Killers of the Flower Moon

In Killers of the Flower Moon, David Grann brings readers back to Osage County Oklahoma in the 1920s. After discovering oil, members of the Osage U.S. state/federal governments, the money was often held in guardianship for tribe members. Soon, the Osage were found murdered, or killed under mysterious circumstances. What followed is a tale of greed and corruption at multiple levels.

Who were the heroes of this story? How did Hoover use these murders to create a narrative to bolster the FBI, during a period in which the nation was wary of a Federal institutions? Which institutions prevailed, which failed? Did Grann tell the story of the Osage well?

Host Jeffery Jenkins (@jaj7d) is joined by guests Richard Green (@keynesianr), Lisa Schweitzer (@drschweitzer), and David Treuer (@DavidTreuer).

@BedrosianCenter

To listen to the Bedrosian Book Club discussion of the “Killers of the Flower Moon” episode click the arrow in the player on this post. Or you can download it and subscribe through ApplePodcastsSoundcloudGoogle PlayStitcher or your favorite podcasting app!

Links & further immersion:

Osage Nation
Curse of Oil
Headrights
Dawes Act, 1887
J. Edgar Hoover
Path Dependence
The Other Slavery by Andrés Reséndez
The Round House by Louise Erdrich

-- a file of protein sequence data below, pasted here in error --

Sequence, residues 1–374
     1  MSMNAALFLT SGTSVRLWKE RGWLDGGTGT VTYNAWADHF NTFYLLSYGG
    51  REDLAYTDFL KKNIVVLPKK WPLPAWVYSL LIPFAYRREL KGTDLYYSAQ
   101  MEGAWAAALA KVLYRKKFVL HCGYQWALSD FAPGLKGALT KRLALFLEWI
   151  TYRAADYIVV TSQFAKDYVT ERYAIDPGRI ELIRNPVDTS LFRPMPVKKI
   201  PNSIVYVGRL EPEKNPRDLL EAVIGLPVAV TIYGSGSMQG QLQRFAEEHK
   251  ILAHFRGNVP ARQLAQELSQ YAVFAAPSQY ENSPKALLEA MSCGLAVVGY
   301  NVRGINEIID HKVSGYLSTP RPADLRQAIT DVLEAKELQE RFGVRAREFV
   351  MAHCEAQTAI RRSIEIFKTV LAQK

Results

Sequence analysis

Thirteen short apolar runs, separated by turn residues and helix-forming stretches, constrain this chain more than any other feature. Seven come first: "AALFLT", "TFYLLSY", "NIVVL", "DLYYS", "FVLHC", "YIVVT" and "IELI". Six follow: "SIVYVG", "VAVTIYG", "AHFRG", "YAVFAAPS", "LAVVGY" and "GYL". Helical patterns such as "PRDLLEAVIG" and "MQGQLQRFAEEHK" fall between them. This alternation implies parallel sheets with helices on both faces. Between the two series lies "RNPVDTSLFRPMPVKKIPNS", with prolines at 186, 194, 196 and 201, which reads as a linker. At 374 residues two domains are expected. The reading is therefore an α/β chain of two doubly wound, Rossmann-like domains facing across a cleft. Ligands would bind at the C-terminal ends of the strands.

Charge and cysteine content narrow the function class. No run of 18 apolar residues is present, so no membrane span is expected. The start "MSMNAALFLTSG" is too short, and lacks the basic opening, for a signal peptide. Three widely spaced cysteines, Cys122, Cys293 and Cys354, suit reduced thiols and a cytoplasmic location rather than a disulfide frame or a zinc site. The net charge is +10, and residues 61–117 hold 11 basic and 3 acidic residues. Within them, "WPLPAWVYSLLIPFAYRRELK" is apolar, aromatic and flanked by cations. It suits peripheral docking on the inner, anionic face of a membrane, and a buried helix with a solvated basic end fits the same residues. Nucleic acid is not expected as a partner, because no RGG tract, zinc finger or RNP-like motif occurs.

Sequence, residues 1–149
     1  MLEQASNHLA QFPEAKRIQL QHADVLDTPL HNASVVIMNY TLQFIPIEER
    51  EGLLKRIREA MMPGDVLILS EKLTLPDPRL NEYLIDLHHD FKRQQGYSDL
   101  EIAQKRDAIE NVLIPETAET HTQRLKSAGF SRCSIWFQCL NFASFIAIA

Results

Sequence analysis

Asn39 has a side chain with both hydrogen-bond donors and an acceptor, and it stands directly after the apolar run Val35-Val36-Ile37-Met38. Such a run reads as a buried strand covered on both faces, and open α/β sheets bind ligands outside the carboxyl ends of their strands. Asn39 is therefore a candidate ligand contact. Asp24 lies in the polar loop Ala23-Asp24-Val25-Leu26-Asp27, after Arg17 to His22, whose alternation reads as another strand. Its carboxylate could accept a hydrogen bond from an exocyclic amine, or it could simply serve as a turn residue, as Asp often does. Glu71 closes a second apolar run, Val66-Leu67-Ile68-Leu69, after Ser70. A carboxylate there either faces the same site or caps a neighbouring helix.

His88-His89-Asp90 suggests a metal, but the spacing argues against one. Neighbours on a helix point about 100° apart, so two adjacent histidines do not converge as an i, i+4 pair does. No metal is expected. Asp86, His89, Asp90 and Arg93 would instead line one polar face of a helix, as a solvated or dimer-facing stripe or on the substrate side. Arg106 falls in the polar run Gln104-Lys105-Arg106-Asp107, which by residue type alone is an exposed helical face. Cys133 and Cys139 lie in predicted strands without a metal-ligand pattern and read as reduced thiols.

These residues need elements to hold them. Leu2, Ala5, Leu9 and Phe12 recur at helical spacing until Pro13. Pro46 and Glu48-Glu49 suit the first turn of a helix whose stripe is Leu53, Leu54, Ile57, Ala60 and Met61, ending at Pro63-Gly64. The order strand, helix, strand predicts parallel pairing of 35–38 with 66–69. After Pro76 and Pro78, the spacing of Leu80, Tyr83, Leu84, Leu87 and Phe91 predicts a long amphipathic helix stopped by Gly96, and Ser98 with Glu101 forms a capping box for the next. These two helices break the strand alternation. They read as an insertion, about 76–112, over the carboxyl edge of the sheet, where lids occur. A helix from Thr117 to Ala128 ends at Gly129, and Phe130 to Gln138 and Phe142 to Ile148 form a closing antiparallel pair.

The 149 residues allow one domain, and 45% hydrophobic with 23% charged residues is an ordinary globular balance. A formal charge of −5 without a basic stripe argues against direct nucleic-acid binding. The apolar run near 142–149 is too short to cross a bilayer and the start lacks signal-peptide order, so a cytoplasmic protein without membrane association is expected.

Next Month …

We’ll discuss the classic science fiction novel, Ender’s Game by Orson Scott Card.
We’ll look at themes in the book as well as some the real world controversy of the author. What role does art play? What role does the artist play? Can we separate art from politics, artist from politics?
From the book jacket:

Once Again, Earth is under attack. An alien species is poised for a front assault. The survival of humanity depends on a military genius who can defeat the aliens.But who?

Ender Wiggin. Brilliant. Ruthless. Cunning. A tactical and strategic master. And a child.

Recruited for military training by the world government, Ender’s childhood ends the moment he enters his new home: Battle School. Among the elite recruits Ender proves himself to be a genius among geniuses. In simulated war games he excels. But is the pressure and loneliness taking its toll on Ender? Simulations are one thing. How will Ender perform in real combat conditions? After all, Battle School is just a game.

Right?

Read along with us! Let us know what you think of the book & our podcasts on Facebook or Twitter.

This podcast was produced by Aubrey Hicks and Jonathan Schwartz, recorded and mixed by The Brothers Hedden, Ryan and Corey Hedden.